Airway thermal volume in humans and its relation to body size

Vladimir B. Serikov, E. Heidi Jerome, Neal Fleming, Peter G Moore, Frederick A. Stawitcke, Norman C. Staub

Research output: Contribution to journalArticlepeer-review

4 Scopus citations


The objective of this study was to investigate the influence of volume ventilation (VE) and cardiac output (Q) on the temperature of the expired gas at the distal end of the endotracheal tube in anesthetized humans. In 63 mechanically ventilated adults, we used a step decrease in the humidity of inspired gas to cool the lungs. After change from humid to dry gas ventilation, the temperature of the expired gas decreased. We evaluated the relationship between the inverse monoexponential time constant of the temperature fall (1/τ) and either VE or Q. When VE was increased from 5.67 ± 1.28 to 7.14 ± 1.60 (SD) 1/min (P = 0.02), 1/τ did not change significantly [from 1.25 ± 0.38 to 1.21 ± 0.51 min-1, P = 0.81]. In the 11 patients in whom Q changed during the study period (from 5.07 ± 1.81 to 7.38 ± 2.45 1/min, P = 0.02), 1/τ increased correspondingly from 0.89 ± 0.22 to 1.52 ± 0.44 min-1 (P = 0.003). We calculated the airway thermal volume (ATV) as the ratio of the measured values Q to 1/τ and related it to the body height (BH): ATV (liters) = 0.086 BH (cm) - 9.55 (r = 0.90).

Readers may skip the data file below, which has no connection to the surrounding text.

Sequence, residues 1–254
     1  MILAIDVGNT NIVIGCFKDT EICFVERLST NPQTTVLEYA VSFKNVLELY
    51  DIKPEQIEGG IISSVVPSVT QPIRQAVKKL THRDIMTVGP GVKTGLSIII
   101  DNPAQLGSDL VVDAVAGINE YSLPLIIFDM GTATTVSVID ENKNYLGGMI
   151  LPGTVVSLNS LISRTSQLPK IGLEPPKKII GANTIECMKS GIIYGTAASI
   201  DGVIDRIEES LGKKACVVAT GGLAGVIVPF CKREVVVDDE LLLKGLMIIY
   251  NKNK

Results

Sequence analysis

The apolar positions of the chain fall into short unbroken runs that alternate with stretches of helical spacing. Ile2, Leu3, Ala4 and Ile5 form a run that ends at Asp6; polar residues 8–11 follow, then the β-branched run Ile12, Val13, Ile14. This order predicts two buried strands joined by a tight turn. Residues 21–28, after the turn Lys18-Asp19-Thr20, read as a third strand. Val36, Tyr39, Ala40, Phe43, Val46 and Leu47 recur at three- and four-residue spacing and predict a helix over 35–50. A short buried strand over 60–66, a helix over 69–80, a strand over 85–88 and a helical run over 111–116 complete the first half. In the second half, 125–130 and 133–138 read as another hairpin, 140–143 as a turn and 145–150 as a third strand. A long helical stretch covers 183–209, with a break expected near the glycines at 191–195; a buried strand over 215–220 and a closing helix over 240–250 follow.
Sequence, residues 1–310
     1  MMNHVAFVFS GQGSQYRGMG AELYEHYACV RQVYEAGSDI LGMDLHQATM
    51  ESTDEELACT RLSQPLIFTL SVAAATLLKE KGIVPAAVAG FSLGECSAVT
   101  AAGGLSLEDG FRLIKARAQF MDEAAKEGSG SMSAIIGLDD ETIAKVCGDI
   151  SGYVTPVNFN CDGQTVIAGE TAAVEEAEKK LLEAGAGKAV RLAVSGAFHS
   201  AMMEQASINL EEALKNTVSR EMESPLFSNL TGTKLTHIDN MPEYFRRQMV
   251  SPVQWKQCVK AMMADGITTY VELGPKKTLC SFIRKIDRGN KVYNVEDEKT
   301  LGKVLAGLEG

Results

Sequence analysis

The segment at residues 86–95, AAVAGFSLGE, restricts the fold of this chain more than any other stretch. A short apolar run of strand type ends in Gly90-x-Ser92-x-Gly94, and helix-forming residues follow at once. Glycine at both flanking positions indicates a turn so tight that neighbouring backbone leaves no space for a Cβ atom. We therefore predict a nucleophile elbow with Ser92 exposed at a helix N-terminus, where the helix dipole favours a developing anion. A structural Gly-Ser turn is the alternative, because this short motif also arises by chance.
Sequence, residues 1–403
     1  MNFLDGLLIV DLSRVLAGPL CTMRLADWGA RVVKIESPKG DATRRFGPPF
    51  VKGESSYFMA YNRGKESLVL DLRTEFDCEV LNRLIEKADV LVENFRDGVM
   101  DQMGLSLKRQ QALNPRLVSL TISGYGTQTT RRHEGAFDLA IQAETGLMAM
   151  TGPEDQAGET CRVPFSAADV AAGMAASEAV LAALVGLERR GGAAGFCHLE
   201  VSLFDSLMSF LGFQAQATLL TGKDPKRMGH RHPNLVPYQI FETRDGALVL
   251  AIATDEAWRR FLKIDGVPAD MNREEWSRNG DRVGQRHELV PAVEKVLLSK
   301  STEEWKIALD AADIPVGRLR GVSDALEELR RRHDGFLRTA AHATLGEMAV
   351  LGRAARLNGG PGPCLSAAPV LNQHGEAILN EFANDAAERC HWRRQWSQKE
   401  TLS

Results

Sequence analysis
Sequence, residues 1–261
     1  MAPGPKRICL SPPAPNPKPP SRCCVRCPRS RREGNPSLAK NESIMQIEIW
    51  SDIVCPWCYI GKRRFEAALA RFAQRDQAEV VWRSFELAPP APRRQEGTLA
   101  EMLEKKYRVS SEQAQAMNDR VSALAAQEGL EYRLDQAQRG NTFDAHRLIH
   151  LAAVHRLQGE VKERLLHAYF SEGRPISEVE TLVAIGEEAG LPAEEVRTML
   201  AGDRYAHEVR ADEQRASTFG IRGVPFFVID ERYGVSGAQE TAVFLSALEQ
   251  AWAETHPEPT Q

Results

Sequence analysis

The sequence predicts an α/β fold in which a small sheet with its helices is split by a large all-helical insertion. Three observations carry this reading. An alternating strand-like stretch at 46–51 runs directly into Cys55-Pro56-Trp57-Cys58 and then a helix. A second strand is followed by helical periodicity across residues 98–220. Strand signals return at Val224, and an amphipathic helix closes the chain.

Original languageEnglish (US)
Pages (from-to)668-676
Number of pages9
JournalJournal of Applied Physiology
Issue number2
StatePublished - Aug 1997


  • Cardiac output
  • Conductivity
  • Heat exchange
  • Lung capacity
  • Lung mass
  • Lungs
  • Noninvasive measurement
  • Temperature
  • Ventilation

ASJC Scopus subject areas

  • Physiology
  • Endocrinology
  • Orthopedics and Sports Medicine
  • Physical Therapy, Sports Therapy and Rehabilitation


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